DEAR ABBY: I am a 21-year-old man in college. I am training for a profession I will love, and I know my future will be very bright.
I would like to volunteer at a soup kitchen or do something for the poor. I have done turkey drives and food drives before, but never worked directly with the people I'm trying to help. My problem is I tend to become very sad or feel helpless when I'm around disadvantaged people. I identify too strongly with their suffering.
Abby, I want to help as many people as I can during my short time on this planet, but I'm paralyzed by their pain. Is something wrong with me? Have you any suggestions? -- WANTS TO HELP IN EDEN, N.Y.
DEAR WANTS TO HELP: My grandfather used to say that a thin line separates those who have from those who don't, and it is the responsibility of those who have to reach out and do something to help the less fortunate. In your case, donating your time would be enormously helpful, and frankly, seeing you personally offering your assistance would go a long way to lifting the spirits of some needy people.
Because you are nervous about it, consider transitioning to the "front lines" by starting with food prep in the kitchen of the shelter and working your way forward as you gain more confidence. Yes, the clients are people in trouble. But they depend on the kindness of people like you.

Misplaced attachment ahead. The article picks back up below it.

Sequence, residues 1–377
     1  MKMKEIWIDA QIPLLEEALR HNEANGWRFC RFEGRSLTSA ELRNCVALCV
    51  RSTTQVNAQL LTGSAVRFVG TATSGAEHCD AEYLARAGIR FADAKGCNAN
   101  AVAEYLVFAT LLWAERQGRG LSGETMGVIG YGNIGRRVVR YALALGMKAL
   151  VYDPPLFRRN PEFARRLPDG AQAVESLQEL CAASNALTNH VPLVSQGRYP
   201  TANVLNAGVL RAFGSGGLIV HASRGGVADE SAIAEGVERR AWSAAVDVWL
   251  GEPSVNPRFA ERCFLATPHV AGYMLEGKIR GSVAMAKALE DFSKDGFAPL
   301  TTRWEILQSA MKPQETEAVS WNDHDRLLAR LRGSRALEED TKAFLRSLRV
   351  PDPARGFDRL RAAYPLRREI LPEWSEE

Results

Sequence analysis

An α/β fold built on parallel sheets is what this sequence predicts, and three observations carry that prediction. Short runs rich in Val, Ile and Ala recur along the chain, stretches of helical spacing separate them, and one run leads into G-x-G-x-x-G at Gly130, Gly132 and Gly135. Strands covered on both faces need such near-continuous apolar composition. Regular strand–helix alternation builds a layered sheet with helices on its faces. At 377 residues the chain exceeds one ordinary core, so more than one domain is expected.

DEAR ABBY: My husband has been joking recently about being a "closet case." There has always been somewhat of a question about that in the back of my mind. Another ingredient to throw in is the fact that he is very controlling about everything, including sex -- which he withholds unless it's his idea. So, is he a closet case or is he just a controlling person? -- UNSURE IN IRVING, TEXAS
DEAR UNSURE: While many a truth is spoken in jest, having never met your husband, I cannot decide for you whether or not he is gay or bisexual. He does, from your description, however, appear to be an unsatisfying life partner on at least two levels. So my question to you is, do you think you're better off with him or without him -- and is this the way you plan to live the rest of your life?
DEAR ABBY: My husband and I watch our 2-year-old granddaughter almost every weekend. She and her parents live about 60 miles from us.
The problem is, we agreed when we started taking her that we would meet halfway. But for reasons unknown to me, we always have to drive a lot more than halfway. I have checked the mileage and pointed it out to my daughter and son-in-law, and they ignore it.
This may seem petty, but I'm sick of it. They both work and earn more than we do. Don't you think free baby-sitting is reason enough to get your child to the baby sitter? -- GRAND "MA" IN OKLAHOMA
DEAR GRAND "MA": Yes, I do. But as long as you tolerate this arrangement, it will continue. Instead of letting your daughter and son-in-law tell you where they are going to meet you, tell THEM where you will meet them.
For everything you need to know about wedding planning, order "How to Have a Lovely Wedding." Send a business-size, self-addressed envelope, plus check or money order for $6 (U.S. funds only) to: Dear Abby, Wedding Booklet, P.O. Box 447, Mount Morris, IL 61054-0447. (Postage is included.)